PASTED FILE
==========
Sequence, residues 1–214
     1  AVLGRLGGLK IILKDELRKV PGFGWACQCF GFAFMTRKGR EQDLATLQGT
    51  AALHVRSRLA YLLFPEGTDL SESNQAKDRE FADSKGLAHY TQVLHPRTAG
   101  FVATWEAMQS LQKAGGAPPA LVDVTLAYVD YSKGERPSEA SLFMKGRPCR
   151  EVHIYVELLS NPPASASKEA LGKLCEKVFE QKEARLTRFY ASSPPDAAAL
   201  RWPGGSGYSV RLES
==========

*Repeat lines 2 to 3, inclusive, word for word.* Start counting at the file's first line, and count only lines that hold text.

     1  AVLGRLGGLK IILKDELRKV PGFGWACQCF GFAFMTRKGR EQDLATLQGT
    51  AALHVRSRLA YLLFPEGTDL SESNQAKDRE FADSKGLAHY TQVLHPRTAG